Russia‘s PochtaBank

Russia, too, is seeking to expand its post office services. The head of the highly successful state-owned Sberbank has stepped down to take on the task of revitalizing the Russian post office and create a post office bank. PochtaBank will operate in the Russian Post’s 40,000 local post offices. The post office will function as a banking institution and compete on equal footing not only with private banks, but with Sberbank itself.

Brazil‘s ECT

Brazil instituted a postal banking system in 2002 on a public/private model with the national postal service (ECT), forming a partnership with the largest private bank in the country (Bradesco) to provide financial services at post offices. The current partnership is with Bank of Brazil. ECT (also known as Correios) is one of the largest state-owned companies in Latin America, with an international service network reaching more than 220 countries worldwide.

The US Postal Savings System

The now-defunct US Postal Savings System was also quite successful in its day. It was set up in 1911 to get money out of hiding, attract the savings of immigrants accustomed to saving at post offices in their native countries, provide safe depositories for people who had lost confidence in private banks and furnish depositories that had longer hours and were more convenient for working people than what private banks provided. The minimum deposit was $1 and the maximum was $2,500. The postal system paid two percent interest on deposits annually. It issued US Postal Savings Bonds in various denominations that paid annual interest, as well as Postal Savings Certificates and domestic money orders. Savings in the system spurted to $1.2 billion during the 1930s and jumped again during World War II, peaking in 1947 at almost $3.4 billion.

The US Postal Savings System was shut down in 1967, not because it was inefficient, but because it became unnecessary after the profitability of catering to the unbanked and underbanked became apparent to the private financial sector. Private banks then captured the market, raising their interest rates and offering the same governmental guarantees that the Postal Savings System had.

Time to Revive the US Postal Savings System? 

Today, the market of the unbanked and underbanked has grown again, including about one in four US households, according to a 2009 FDIC survey. Without access to conventional financial services, people turn to an alternative banking market of bill pay, prepaid debit cards and check cashing services, as well as payday loans. The unbanked pay excessive fees for basic financial services, are susceptible to high-cost predatory lenders  and have trouble buying a home and other assets because they have little or no credit history. On average, a payday borrower pays back $800 for a $300 loan, with $500 purely going toward interest. Low-income adults in the US spend over five billion dollars paying off fees and debt associated with predatory loans every year. People with access to banks are better able to resist these services and break the cycle of poverty.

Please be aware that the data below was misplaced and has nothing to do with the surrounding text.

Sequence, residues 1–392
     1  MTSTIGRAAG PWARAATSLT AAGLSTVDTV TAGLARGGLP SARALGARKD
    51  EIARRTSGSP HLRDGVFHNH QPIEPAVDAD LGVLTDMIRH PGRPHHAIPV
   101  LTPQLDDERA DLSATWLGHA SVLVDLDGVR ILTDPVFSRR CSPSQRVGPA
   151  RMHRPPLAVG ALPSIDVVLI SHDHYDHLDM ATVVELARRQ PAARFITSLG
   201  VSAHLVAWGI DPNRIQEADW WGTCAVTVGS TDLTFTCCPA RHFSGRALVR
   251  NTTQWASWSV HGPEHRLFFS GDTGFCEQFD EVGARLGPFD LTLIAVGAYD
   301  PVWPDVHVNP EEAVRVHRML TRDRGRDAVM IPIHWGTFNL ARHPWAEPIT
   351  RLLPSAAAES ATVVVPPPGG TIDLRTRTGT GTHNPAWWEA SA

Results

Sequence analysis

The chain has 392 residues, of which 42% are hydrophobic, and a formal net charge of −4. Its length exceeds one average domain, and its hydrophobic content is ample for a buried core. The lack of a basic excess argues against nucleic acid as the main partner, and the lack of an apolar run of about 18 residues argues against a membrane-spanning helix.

Another underserviced market is the rural population. In May, a move to shutter 3,700 low-revenue post offices was halted only by months of dissent from rural states and their lawmakers, who said the cost cutting would hurt their communities. Banking services are also more limited for farmers following the 2008 financial crisis. With shrinking resources for obtaining credit, family farmers and ranchers are finding it increasingly difficult to stay in their homes.

Postal banking could be a win-win in these circumstances, providing jobs and income for the post office along with safe and inexpensive banking services for underserviced populations. Countries such as Russia and India are exploring full-fledged lending services through their post offices; but if lending to the underbanked seems too risky, a US postal bank could follow the lead of Japan Post and use the credit generated from its deposits to buy safe and liquid government bonds. That could still make the bank a win-win-win, providing income for the post office, safe and inexpensive depository and checking services for the underbanked and a reliable source of public funding for the government.

Sunday, 12 August 2012 | by Ellen Brown

Copyright, Truthout.org.  Reprinted with permission.
http://truth-out.org/news/item/10812-saving-the-post-office-letter-carriers-consider-bringing-back-banking-services

 

 

Gates Foundation Reveals its Dark Side After Ditching ALEC

While funding $218 million polio and measles immunization research, the foundation also invested $400 million in 69 of North America’s worst polluting companies and $423 million in companies like Royal Dutch Shell, Exxon Mobil Corp, and Chevron – oil firms responsible for pollution which has caused  respiratory problems in local African populations. In 2005, the foundation held $1.5 billion worth of stocks in drug companies who price their products beyond the reach of AIDS patients in Africa and are widely criticized for creating barriers to the flow of medicines to Third World countries.

Read more about a number of the less than savory activities of the Bill and Melinda Gates Foundation here.